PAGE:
The Incomprehensible Surrender of Truro
It is difficult to overstate the depth of the failure represented by the settlement agreed to by Truro Church with the Episcopal Diocese of Virginia.
It is a failure on three different and increasingly serious levels:
The first is the mundane and the practical, the world of dollars and cents.
Truro could have walked away from the property the moment the congregation realized that the game was over. They could have walked away, and found themselves a new campus. They could have made a fresh start.
Instead, they will stay in the building for another year, paying hard-earned money for the upkeep of the buildings, and during which visitations by ACNA Bishop John Guernsey are made purely at the pleasure of TEC Bishop Shannon Johnston.
Then they will leave, with nothing, and with a year’s worth of maintenance expenses down the drain, unavailable to them to support any expenses at their new facility.
The second failure is on the level of political intangibles: Morale - the effect this decision has on others fighting the same battles - and what political wonks call “optics” - how it looks to people who have been keeping up with it, and both lending support to it as well as drawing strength from it.
The goal of these legal battles is to keep your property. It’s that simple. Keeping one’s property is the goal of entering into litigation like this.
If keeping the buildings is not important, then don’t enter into litigation over property. Just walk away. Buy new buildings, and make sure that this time you have clear title to them, and that you don’t hand it over to anyone, ever, no matter how godly they may seem. People come and people go, so the good bishop you trust with your congregation’s property today, may well be succeeded by the venal charlatan you wouldn’t trust as far as you could throw him. People also change. And they lie. Just ask Matt Kennedy about the things bishops will say one day, and what they will swear they never said the next.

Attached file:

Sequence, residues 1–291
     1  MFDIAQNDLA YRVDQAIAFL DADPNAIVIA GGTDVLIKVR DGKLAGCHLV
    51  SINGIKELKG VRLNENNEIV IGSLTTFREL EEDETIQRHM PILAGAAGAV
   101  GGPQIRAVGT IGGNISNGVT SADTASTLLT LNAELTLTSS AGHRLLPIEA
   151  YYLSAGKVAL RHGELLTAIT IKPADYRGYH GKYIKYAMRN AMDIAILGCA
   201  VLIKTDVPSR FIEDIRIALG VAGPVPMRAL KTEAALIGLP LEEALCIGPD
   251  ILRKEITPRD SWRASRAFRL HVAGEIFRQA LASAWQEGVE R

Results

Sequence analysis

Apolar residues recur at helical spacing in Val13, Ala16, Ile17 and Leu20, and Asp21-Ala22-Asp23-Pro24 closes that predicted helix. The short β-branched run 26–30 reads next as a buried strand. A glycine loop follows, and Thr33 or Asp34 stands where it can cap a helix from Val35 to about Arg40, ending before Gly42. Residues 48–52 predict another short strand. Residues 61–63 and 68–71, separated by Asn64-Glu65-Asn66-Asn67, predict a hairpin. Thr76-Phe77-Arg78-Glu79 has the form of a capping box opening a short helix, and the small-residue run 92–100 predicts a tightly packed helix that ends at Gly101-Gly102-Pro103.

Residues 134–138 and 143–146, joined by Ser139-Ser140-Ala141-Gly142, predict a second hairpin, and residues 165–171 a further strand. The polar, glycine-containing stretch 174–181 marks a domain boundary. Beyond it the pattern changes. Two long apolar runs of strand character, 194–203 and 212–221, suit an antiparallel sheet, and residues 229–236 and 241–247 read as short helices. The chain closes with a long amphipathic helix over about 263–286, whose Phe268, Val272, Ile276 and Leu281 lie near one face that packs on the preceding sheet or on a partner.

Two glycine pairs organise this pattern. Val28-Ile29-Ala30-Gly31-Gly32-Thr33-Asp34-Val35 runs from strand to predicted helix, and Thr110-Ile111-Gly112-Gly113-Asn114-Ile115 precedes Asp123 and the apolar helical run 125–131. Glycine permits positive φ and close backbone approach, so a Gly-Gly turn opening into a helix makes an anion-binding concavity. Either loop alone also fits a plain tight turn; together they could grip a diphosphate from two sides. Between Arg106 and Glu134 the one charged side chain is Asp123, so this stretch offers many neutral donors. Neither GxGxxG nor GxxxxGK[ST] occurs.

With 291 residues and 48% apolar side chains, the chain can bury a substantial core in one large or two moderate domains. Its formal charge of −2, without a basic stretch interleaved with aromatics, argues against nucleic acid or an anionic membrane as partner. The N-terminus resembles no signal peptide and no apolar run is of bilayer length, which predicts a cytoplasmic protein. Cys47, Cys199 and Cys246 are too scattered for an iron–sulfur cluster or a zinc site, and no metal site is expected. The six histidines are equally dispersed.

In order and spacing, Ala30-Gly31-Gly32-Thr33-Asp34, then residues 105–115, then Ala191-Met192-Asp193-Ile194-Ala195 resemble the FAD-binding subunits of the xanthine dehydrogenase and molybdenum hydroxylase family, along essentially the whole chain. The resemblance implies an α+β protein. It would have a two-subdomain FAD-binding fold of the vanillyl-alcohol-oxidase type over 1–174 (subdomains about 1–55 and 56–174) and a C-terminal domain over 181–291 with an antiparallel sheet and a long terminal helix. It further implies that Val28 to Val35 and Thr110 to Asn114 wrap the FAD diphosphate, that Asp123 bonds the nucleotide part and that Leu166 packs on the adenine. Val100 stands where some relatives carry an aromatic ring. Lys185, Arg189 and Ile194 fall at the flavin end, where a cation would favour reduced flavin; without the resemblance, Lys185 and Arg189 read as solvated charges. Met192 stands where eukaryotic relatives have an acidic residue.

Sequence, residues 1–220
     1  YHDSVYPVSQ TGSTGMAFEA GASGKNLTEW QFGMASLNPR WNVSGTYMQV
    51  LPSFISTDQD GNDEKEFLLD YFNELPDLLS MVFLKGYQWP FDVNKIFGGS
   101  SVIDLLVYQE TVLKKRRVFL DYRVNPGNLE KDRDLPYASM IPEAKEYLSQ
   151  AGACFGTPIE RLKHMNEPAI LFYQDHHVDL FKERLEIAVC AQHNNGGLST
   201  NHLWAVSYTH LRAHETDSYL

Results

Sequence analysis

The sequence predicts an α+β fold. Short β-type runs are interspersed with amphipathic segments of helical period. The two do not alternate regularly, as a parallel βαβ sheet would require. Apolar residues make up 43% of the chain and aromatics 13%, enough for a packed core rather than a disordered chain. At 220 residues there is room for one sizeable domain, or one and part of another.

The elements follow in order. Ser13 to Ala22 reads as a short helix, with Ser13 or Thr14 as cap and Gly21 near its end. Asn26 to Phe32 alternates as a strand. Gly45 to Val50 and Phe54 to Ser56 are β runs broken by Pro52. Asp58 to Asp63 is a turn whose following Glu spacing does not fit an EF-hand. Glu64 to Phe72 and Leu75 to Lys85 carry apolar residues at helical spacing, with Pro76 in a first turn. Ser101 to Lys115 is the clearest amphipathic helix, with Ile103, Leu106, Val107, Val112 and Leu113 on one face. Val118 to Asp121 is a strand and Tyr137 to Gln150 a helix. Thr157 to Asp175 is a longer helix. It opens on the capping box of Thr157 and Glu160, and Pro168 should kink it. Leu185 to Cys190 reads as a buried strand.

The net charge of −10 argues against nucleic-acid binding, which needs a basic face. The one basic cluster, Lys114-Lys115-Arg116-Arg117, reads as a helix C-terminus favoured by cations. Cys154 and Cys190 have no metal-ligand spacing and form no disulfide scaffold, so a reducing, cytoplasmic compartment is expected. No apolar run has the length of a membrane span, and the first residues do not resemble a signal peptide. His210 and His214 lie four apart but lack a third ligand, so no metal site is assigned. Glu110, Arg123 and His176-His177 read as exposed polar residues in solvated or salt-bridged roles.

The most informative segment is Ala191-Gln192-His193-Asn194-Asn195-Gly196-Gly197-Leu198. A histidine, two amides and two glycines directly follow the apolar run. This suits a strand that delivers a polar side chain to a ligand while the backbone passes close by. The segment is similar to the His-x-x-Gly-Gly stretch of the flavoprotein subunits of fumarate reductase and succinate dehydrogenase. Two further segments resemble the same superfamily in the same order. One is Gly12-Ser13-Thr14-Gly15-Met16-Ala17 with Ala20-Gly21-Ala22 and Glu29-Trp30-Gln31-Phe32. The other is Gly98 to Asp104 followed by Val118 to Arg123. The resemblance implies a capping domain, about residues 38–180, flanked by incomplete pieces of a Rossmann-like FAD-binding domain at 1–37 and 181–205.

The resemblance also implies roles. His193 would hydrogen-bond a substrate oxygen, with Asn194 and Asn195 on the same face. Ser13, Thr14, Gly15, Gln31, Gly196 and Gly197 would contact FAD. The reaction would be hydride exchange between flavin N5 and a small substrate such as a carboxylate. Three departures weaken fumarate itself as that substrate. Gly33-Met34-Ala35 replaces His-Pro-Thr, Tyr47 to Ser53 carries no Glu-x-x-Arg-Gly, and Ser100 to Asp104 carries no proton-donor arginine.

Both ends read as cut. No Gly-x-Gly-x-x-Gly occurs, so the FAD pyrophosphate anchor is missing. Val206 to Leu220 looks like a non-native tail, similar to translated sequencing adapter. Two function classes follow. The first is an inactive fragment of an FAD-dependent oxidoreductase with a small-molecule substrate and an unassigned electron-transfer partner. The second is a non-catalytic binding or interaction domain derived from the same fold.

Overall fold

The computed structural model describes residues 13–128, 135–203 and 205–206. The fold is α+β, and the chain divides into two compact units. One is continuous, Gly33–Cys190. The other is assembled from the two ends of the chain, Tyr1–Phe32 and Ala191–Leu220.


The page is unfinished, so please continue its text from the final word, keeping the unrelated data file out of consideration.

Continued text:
Yes, I know that the most important thing is the Gospel, not the buildings. I understand that buildings are just stone and wood and glass. We all like to tell ourselves this when we’ve just lost some wonderful buildings.
But buildings do matter. No, they’re not what Christians should consider the most important part of a church, far from it.
But they do matter, and where they matter the most is in those places where they best support the mission and ministry of the church. I am sure the parishioners of Truro can fill books with all the ways their buildings have supported their mission and ministry over the years. I suspect that Truro, over the whole history of its existence, takes second place to no one when it comes to using its buildings the way Christians were meant to use them.
So make no mistake: When Truro lost its buildings, it was a huge defeat. They will never recoup the financial cost of litigation, nor will they recoup the gigantic amounts of human and spiritual energy invested in it. And what was the statement they released explaining their agreement to the settlement with the Diocese of Virginia?
You can read the sad details here, but in a nutshell it’s not just a defeat, but complete capitulation. The congregation loses the buildings. Bishop Guernsey’s visits are made purely at the pleasure of Shannon Johnston. While the congregation may remain for another year, it alone will be saddled with the considerable cost of maintaining the buildings during that time. The TEC diocese waltzes into the facility next April, a gift from the good people of Truro.
Meanwhile, orthodox Anglicans from Pittsburgh to Fort Worth to San Joaquin are left wondering: What??? What’s the point of leaving - to say nothing of fighting - if you’re going to be so pleased with losing?
The third failure is the deepest, and the most serious: It is the failure to make a courageous stand for the Gospel, in the form of letting a wolf into the fold. And not just being asleep or distracted while he slipped in - but knowingly, deliberately inviting him in. And not just into the local parish, but Baucum is “[opening] up relationships and ministry opportunities to him in the CofE.” Whether he means to or not, Baucum is endorsing Johnston’s false teachings by recommending him to other parts of the church.